In terms of the background stuff, that was one of those things that I actually had to really work with Matt on. I felt like I had to give the readers something the viewers might not get normally, but without fundamentally altering the show’s franchise elements or introducing things in Michael’s past that run counter to the direction the show was going. So the little bits about the dad or about Michael and Nate as kids I had to sort of argue for more specificity, which I think a reader demands.

On TV, you can get by with some general backstory things, but no one wants to watch an episode where Michael ruminates on his shitty childhood for 43 minutes with specific memories played out in real time. But in the book, I think the readers want to see some things like that, so I put in a few small moments that reinforce what we know from watching the show: Dad was an asshole, mom was . . . unconventional . . . and Nate and Michael had a difficult upbringing. From the eMails I’ve received, this has been hugely successful for the readers, which makes me happy.

Q – I felt you really captured the flavor of the show, especially Michael Westen’s wry commentary on the spy trade. How did you come up with this material, especially as you needed much more than would be in a TV episode?

Actually, long before I started writing the books I started watching the show fairly religiously because I knew Matt casually – my oldest friend was in his fraternity in college. So we’d been introduced years and years ago when we were both, you know, dumb frat boys and then kept in periodic contact over the years – and was invested in the show from that standpoint already, but then anytime you put Bruce Campbell in something, well, you’ve got me hooked.

Anyway, in terms of the material: I did a lot of research. A ton. And I have a lot of sources in law enforcement who are happy to help with things, and then sometimes, I’d want something to happen – specifically, there’s a scene where Michael has to open an envelope he thinks might contain a letter bomb – and then I’d sort of backwards engineer it so I could use it, which is half the fun to me. The joy of research, in my opinion, is not learning about things ahead of time, but learning about things when you need them, so that way when you write about it some of that exuberance of discovery ends up in the prose. 

Cover – Living Dead Girl

Q – What specific sources did you look at in your research?

One book really had a profound effect on me and that was the book On Killing [by Dave Grossman], which talks about the mental toll killing has taken on soldiers over the years. It was particularly useful in talking about when Michael does and does not kill people. He doesn’t kill anyone in The Fix – and he rarely kills anyone on the show, either . . . last season’s final episode might be the one time that really sticks in my head where people died – and so looking at that book helped me in understanding the why of it all. It was also interesting to find out, in that book, how people avoid killing even when they are charged with doing it. So a lot of that sort of anecdotal stuff ended up influencing some scenes in the book.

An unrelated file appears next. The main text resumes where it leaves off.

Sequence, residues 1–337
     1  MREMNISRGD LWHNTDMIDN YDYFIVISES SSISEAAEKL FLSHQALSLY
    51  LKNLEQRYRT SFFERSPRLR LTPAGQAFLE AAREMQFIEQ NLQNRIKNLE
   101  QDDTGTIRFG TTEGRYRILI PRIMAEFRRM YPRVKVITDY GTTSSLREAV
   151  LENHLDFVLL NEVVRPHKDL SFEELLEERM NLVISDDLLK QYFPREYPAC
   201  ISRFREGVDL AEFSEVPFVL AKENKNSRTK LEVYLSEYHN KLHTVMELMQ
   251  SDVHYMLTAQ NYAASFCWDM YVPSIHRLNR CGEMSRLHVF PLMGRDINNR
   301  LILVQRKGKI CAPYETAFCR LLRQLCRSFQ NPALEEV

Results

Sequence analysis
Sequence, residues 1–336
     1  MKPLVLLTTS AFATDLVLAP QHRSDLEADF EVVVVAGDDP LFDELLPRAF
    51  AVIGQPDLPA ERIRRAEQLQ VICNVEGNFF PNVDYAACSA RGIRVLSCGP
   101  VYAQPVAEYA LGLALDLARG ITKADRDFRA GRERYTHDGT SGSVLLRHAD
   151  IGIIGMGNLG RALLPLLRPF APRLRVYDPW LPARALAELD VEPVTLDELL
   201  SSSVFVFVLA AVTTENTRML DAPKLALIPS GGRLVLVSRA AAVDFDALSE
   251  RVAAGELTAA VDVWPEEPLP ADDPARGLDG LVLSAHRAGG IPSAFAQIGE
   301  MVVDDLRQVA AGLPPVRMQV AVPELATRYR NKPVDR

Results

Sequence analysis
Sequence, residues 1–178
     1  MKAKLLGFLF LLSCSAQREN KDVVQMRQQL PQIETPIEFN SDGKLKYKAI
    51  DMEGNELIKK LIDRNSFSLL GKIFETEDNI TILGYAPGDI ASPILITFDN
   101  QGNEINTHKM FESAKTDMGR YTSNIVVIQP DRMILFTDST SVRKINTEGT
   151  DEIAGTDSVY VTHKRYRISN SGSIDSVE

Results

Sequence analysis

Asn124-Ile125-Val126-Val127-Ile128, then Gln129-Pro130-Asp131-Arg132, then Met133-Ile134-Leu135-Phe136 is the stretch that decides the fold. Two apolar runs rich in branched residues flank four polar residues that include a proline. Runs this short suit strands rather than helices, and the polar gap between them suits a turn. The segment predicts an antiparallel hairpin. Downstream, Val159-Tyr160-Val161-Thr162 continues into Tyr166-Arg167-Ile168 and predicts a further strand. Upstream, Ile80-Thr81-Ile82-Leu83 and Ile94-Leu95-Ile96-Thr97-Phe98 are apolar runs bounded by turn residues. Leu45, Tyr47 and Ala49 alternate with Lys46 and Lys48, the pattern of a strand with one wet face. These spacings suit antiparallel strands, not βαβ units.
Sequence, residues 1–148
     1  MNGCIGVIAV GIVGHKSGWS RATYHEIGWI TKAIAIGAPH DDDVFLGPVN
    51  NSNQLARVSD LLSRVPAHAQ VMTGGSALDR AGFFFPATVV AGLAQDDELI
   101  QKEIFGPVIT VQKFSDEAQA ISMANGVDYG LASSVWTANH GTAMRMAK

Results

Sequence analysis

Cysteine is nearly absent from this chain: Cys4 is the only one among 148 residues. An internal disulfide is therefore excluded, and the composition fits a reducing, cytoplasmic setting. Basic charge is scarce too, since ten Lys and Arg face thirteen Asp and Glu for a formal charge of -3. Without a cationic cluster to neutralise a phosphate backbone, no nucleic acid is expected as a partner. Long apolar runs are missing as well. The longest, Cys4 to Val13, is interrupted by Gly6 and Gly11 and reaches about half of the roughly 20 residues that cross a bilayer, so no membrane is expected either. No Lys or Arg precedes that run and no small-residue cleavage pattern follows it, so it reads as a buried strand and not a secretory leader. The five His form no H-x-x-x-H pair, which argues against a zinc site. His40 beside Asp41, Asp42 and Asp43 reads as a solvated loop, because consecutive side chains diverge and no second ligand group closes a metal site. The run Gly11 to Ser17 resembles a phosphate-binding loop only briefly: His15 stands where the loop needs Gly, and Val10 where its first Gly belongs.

Q – You published some travel books on Las Vegas and live in California. Are you that familiar with Miami or were all those descriptions also part of your research?

I’m not familiar with Miami in the least and I feel a little bit like a fraud writing about it, truthfully, without visiting, so I intend to go at some point this year to really get the feel for the place. So I’ve leaned on a lot of books about the city, lots of maps and the joy that is Google Maps.

Getting the street views now, in particular, has been very cool. Plus, I also have some friends in the area and have been known to post things on my blog asking for help, which has always worked out well. 

Q – Are you a fan of other spy series on TV or film? How about any other books?

I’ve seen every James Bond movie – I’m a Sean Connery man, with a strong Daniel Craig vibe rising in me – and loved things like The Man From U.N.C.L.E., which I watched in reruns as a kid, and shows like The Equalizer and Stingray, which I think share a lot of Burn Notice elements.

My favorite spy book would probably be David Morrell’s Brotherhood of the Rose, which is probably more literary than conventionally action packed. But honestly, I’ve never been a huge fan of spy books as I prefer more noirish crime novels to thrillers.  

Q – One thing that seemed to distinguish the book from TV episodes is the amount and length of dialogue between the characters. What did you have to do to develop the story to make for a full-length novel? 

Well, the plot had to be more intricate. The episodes follow a pretty straightforward arc that just doesn't translate very well to print – readers demand far more twists and turns if they are going to spend five or six hours reading the book, so everything had to be elongated. So the characters had to interact more and the conflicts needed to be drawn out to a point where you can fill 300 pages of text.